Chillwave? Shoegaze? Pfft, so over. Are you ready for psalmgaze?
Arbutus Records has a lot to answer for. The Montreal label behind Grimes and Doldrums has created something of an aural movement that’s attracted its fair share of global attention.
Enter production duo Solar Year – aka David Ertel and Ben Borden – and their self-patented genre, ‘psalmgaze’. (Think fluid vocals blended with collaged production that draws inspiration from Gregorian chants, new age electro and pop.) They even managed to borrow Arbutus labelmate Grimes for vocals on their track ‘Brotherhood’.
Now signed to Splendour in the UK, the boys talk to us about sealing (psalming?) the deal on their debut album ‘Waverly’, out June 24th.
Tell us a little bit about your beginnings? When did you all fall in love with the idea of creating music?
My friend Trevor was premiering his play at Lab Synthèse, an art space in Montreal created by some of the people at Arbutus Records. Even though I hadn’t made any music before, he asked me to create something and perform it as the opening act. This ended up being my first project, which involved cello and live electronics. It gave me a lot of inspiration when later collaborating with Ben for Solar Year. It’s amazing what happens when someone simply asks you, “Hey make something and play it at my concert”.
What influences or inspires the sounds that you produce?
There’s a lot of “automatic writing” in our music, in the sense that a lot of our sounds come from semi-conscious experimentation and improvisation. During this phase of the process we aren’t necessarily consciously influenced by anything, but the influences must be there subconsciously. But we love artists like Journey, Queen, Seal, Sinead O’Conner, Juno Reactor. Juno Reactor is an interesting one for incorporating acoustic “world” music into a high energy rave production.
You guys come from Montreal. How does the scene compare there to other major cities?
Montreal is a magical place where all your dreams can come true. The first ingredient is the very low cost of living, which allows you to work extremely part time and focus most of your day on creative projects that don’t immediately make any money. Also in the music scene there is a tight knit community of people making music that inevitably supports each other.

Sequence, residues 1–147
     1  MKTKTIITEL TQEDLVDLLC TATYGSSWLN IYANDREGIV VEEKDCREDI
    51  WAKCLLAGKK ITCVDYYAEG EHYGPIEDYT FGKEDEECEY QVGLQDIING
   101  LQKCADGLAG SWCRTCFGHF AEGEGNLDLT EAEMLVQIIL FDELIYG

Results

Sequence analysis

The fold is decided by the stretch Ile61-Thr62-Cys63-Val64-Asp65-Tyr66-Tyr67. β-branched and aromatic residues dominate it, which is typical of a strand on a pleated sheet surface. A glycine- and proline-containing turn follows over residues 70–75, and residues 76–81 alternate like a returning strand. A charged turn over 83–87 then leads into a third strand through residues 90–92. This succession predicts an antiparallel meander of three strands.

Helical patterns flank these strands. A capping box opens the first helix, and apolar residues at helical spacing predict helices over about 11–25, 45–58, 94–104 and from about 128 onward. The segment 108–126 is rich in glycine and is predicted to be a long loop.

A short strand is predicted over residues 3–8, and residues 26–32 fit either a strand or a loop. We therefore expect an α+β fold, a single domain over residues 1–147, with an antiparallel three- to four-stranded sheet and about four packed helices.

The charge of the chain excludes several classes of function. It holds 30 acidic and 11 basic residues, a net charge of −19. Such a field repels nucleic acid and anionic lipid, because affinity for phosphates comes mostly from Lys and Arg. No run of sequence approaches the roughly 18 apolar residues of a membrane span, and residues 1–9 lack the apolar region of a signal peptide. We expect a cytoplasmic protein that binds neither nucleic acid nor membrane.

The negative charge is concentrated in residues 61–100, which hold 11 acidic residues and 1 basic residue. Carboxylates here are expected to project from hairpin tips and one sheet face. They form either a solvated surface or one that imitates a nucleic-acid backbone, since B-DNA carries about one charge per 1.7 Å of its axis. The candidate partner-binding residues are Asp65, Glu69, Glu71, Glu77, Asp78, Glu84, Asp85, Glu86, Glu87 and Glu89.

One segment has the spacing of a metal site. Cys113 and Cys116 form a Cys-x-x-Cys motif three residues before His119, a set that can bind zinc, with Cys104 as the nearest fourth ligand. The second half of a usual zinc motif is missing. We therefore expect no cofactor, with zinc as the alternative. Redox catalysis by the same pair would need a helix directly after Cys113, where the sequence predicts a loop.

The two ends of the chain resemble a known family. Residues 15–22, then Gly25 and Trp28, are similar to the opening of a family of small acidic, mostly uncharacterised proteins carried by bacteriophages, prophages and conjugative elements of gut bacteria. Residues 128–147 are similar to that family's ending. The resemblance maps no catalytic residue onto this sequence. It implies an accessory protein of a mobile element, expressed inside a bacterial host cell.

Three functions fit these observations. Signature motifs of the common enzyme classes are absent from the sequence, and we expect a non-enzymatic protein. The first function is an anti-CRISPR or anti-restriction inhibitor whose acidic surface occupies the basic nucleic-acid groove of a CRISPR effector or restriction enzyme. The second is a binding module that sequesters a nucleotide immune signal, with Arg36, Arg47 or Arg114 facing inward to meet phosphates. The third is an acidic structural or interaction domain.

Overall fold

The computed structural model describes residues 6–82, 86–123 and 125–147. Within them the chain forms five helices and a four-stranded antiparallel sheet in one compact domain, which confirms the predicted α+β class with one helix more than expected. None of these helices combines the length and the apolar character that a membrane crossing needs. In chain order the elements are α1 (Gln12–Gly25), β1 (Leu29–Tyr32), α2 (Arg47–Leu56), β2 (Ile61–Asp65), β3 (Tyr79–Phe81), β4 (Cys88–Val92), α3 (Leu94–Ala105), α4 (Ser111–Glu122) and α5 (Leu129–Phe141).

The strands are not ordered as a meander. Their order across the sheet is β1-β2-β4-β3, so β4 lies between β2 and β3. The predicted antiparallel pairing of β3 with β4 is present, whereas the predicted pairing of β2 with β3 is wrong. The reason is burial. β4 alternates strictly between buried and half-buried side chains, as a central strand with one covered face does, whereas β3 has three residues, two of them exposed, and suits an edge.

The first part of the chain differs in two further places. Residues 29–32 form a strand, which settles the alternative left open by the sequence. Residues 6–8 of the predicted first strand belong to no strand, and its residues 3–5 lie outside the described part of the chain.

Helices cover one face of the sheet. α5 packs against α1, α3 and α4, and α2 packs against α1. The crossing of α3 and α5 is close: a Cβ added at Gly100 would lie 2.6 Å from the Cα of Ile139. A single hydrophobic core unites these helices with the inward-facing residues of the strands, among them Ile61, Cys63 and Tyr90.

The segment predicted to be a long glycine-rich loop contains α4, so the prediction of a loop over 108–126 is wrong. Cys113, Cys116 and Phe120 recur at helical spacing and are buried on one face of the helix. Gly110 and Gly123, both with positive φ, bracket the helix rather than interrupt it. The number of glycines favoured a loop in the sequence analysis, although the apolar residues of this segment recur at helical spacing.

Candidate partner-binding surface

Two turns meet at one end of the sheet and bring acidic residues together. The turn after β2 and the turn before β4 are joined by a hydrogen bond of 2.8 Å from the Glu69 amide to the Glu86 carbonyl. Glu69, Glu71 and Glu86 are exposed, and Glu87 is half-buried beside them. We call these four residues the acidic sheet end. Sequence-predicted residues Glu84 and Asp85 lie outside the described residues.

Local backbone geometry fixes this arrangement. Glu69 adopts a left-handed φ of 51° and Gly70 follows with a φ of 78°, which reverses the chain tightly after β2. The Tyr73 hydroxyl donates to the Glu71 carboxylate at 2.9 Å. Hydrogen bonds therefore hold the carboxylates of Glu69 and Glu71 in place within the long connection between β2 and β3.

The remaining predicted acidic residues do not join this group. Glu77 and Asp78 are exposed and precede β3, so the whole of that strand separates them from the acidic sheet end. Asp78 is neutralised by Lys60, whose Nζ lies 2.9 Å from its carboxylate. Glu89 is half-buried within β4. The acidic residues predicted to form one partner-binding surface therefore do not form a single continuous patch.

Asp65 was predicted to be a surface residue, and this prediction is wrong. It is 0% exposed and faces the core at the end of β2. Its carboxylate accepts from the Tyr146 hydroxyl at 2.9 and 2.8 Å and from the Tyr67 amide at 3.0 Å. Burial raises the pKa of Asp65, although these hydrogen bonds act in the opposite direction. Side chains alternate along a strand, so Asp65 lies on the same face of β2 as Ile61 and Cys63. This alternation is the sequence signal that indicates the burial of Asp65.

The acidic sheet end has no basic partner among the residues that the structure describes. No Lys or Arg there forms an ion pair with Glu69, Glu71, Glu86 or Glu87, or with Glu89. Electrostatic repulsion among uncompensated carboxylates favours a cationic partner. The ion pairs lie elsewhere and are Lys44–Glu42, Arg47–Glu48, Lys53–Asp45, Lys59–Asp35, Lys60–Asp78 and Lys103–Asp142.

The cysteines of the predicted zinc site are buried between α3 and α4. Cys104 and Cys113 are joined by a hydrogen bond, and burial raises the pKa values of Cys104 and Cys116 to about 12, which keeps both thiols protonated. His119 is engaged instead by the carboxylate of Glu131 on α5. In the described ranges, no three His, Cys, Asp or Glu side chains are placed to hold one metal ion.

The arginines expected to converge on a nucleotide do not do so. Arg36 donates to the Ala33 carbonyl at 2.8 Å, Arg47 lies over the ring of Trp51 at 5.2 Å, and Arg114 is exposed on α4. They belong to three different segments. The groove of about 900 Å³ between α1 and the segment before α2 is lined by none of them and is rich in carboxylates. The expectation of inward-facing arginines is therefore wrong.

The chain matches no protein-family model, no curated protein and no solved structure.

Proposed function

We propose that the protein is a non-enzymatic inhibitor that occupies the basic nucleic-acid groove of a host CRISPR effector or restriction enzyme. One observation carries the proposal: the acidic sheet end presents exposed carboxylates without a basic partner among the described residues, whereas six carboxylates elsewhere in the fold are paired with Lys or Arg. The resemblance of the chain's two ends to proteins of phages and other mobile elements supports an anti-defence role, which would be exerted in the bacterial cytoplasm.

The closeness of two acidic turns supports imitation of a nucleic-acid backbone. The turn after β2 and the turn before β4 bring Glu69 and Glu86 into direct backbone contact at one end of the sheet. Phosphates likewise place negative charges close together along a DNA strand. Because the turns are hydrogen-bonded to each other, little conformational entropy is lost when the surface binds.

Are there any other emerging bands from the city that you’re really championing right now?
Our friend Lydia Ainsworth has been secretly making amazing tracks that will soon be unleashed in a firestorm to the world. It’s somewhere between Final Fantasy, Philip Glass and Kate Bush; it’s a magical sound. Imagine the music she did for a Christian Dior commercial but with amazing vocals. We’re also very excited about the latest release our friend Dresden Dresses. He mentioned Nina Hagen as an influence once, which is amazing. I definitely hear a kind of butch Nina Hagen delightfully mixed with happy hardcore techno.
Your album ‘Waverly’ is released at the end of June. How does it feel for you to have finally completed the project?
We love finally putting the cap on a big project like a full length album. It gives us the license to commit fully to working on new tracks which is a great feeling. Starting songs is always fun; finishing them can be more arduous.
If you had to describe the record, what five words would you choose?
Earth, wind, water, fire, heart.
How did the collaboration with Grimes happen on ‘Brotherhood’?
It was a very casual thing. We were hanging out with her in the studio and she heard the track. Someone thought it’d be cool if she accompanied the existing vocals. so she came over and we recorded her vocals in less than an hour. We then edited them into a sort of round with the existing vocal melodies.
Would you consider future collaborations and guest vocalists?
Of course! I’d love to make a love ballad duet with Antony Hegarty or Mekele.
Words: Shane Hawkins (Follow Shane on Twitter @piccadilly_boy)